were unimportant. The body was that of a small woman, 5
feet tall. She was about 30 years old. Aside from certain superficial bruises, the gross pathological findings were bronchopneumonia, obliteration of the pleural cavities by old adhesions,
chronic gastritis, suprarenals on each side adherent to the kidney,
and a slight degree of chronic interstitial nephritis. No other
developmental errors besides those of the adrenals and kidneys
were found. No careful search was made for adrenal rests in
other structures than the kidneys but a superficial examination
did not show any. The microscopic examination of the various
tissues, aside from the suprarenal bodies and kidneys, requires
no discussion as it merely confirmed the gross appearances.
On each side, the adrenal was found unusually adherent to the
kidney. This was more marked on the right side than on the
left. The right adrenal extended from the upper end of the
kidney down over its anterior surface for about 4 em. This
Big. 1 Right kidney and adrenal, showing direct union bctwcen the t,wo
with extension of the adrenal down into kidney parenchyma.
Fig. 2 Shows lack of capsule between adrenal ant1 kidney, wit,h, in places,
upward extension of small portions of Iiitlney tissue into ndrcnal.
suprarenal was 43 em. vertically by 5 em. wide a t its widest part.
The upper third of the adrenal was separated from the kidney
by areolar tissue. Below this it was firmly adherent to the kidney except for a few millimeters along its inner edge. A4vertical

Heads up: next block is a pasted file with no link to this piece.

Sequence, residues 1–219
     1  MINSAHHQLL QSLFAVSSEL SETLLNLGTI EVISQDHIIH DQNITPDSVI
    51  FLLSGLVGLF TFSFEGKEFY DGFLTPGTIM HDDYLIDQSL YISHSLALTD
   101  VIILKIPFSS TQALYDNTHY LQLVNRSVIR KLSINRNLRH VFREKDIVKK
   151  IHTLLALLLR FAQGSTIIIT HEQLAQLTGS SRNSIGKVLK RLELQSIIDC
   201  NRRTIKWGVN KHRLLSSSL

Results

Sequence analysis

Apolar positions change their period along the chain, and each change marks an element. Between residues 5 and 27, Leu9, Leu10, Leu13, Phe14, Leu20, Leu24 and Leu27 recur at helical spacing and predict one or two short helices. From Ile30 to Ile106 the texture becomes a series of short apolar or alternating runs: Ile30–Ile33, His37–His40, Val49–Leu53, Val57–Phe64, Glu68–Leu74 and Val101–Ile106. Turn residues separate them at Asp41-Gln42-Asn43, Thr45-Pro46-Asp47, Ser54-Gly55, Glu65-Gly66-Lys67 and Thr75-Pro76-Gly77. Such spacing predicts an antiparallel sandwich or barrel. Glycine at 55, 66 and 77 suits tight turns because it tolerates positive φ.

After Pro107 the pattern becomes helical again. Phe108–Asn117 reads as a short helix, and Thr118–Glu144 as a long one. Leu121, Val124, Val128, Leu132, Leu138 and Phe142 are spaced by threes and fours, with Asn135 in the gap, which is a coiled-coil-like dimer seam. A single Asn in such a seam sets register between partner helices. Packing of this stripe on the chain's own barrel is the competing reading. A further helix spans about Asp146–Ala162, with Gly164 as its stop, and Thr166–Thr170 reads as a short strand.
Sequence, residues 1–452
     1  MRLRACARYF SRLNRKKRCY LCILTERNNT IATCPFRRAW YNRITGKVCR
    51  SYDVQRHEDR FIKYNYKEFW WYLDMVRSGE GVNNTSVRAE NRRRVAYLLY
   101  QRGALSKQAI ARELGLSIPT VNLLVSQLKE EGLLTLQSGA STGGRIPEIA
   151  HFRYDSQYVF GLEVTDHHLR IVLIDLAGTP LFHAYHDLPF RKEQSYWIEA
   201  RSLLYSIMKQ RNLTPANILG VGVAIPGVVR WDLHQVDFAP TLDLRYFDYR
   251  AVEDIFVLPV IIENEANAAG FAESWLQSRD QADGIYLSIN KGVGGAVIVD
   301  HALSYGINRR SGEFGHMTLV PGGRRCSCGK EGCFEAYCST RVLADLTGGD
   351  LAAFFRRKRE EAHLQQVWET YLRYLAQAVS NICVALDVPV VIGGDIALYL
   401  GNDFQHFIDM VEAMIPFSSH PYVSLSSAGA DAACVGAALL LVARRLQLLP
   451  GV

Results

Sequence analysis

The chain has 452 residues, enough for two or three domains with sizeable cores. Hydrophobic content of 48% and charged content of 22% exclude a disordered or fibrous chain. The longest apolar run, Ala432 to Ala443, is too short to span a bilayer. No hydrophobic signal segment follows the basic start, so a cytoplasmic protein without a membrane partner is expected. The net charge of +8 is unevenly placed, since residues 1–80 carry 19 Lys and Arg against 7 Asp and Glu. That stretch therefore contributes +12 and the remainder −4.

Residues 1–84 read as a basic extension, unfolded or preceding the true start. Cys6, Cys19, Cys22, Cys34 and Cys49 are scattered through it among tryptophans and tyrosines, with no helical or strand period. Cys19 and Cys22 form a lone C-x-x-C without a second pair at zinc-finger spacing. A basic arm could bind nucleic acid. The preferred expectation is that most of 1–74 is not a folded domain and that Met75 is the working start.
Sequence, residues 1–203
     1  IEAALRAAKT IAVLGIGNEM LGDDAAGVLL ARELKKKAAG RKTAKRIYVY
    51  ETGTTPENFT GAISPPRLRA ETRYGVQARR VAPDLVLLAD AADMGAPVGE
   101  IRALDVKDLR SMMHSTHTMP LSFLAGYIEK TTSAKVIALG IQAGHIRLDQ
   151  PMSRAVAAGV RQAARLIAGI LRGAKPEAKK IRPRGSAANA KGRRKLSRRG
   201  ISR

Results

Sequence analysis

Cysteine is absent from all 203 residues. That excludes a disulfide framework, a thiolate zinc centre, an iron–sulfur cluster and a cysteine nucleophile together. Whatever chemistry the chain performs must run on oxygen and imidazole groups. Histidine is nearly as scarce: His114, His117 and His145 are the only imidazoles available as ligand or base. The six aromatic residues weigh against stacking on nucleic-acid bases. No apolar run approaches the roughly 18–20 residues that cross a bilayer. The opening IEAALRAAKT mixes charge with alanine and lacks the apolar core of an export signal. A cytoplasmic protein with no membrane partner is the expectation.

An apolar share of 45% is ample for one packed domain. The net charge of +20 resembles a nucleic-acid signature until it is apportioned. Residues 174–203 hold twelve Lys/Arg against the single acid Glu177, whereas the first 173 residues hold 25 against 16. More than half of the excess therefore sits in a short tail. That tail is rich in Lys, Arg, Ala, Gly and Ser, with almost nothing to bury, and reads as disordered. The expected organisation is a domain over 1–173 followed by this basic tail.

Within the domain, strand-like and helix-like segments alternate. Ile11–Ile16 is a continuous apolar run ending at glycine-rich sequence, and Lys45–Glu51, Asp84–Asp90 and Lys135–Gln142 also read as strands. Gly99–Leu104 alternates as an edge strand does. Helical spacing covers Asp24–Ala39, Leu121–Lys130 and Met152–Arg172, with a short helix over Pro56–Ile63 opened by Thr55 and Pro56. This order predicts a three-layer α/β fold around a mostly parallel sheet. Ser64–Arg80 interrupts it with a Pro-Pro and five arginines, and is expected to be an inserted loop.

section through the adrenal and kidney in this area not only
showed in gross no connective tissue capsule separating the two,
but in places the adrenal tissue extended down into the cortex
of the kidney for a greater or less distance, the deepest extension being about 1 em. (fig. 1). This adrenal a t its upper
part, where free from the kidney, was of the usual thickness and
appearance. Below this it extended as a thin plate over the
upper front part of the kidney. Its thickness here in general
was only 1 to 13 mm. The darker color of the medullary portion
in contrast to the cortex could be readily made out, though less
marked than at the thicker portion at the upper part of the gland.
The left adrenal was also adherent to the kidney though to a
much less extent than was the right one. It was not much larger
than usual and was free from the kidney except for an area about
2$ em. by 13 em. a t its widest part, where it appeared as a thin
plate, adherent to the front part of the upper pole of the kidney,
and extending a very short distance into the kidney substance in
places. No capsule separating adrenal and kidney could be
made out here.
Microscopic examination of sections of the adrenals where
they were free from the kidney show nothing unusual. But where
they lay as a thin plate attached to the kidney,several departures from normal are seen (figs. 2 to 5). Both cortical and
medullary portrions are present. The part of the' adrenals which
in gross showed no evidence of a connective tissue capsule between it and the kidney are seen in general to lie directly against
the kidney cortex with no connective tissue intervening. This
is not so in all places, as here and there a distinct band of connective tissue can be made out separating the two. This is also
true of the extensions of the adrenal down into the cortex of the
kidney. The adrenal and kidney parenchyma are, as a rule, in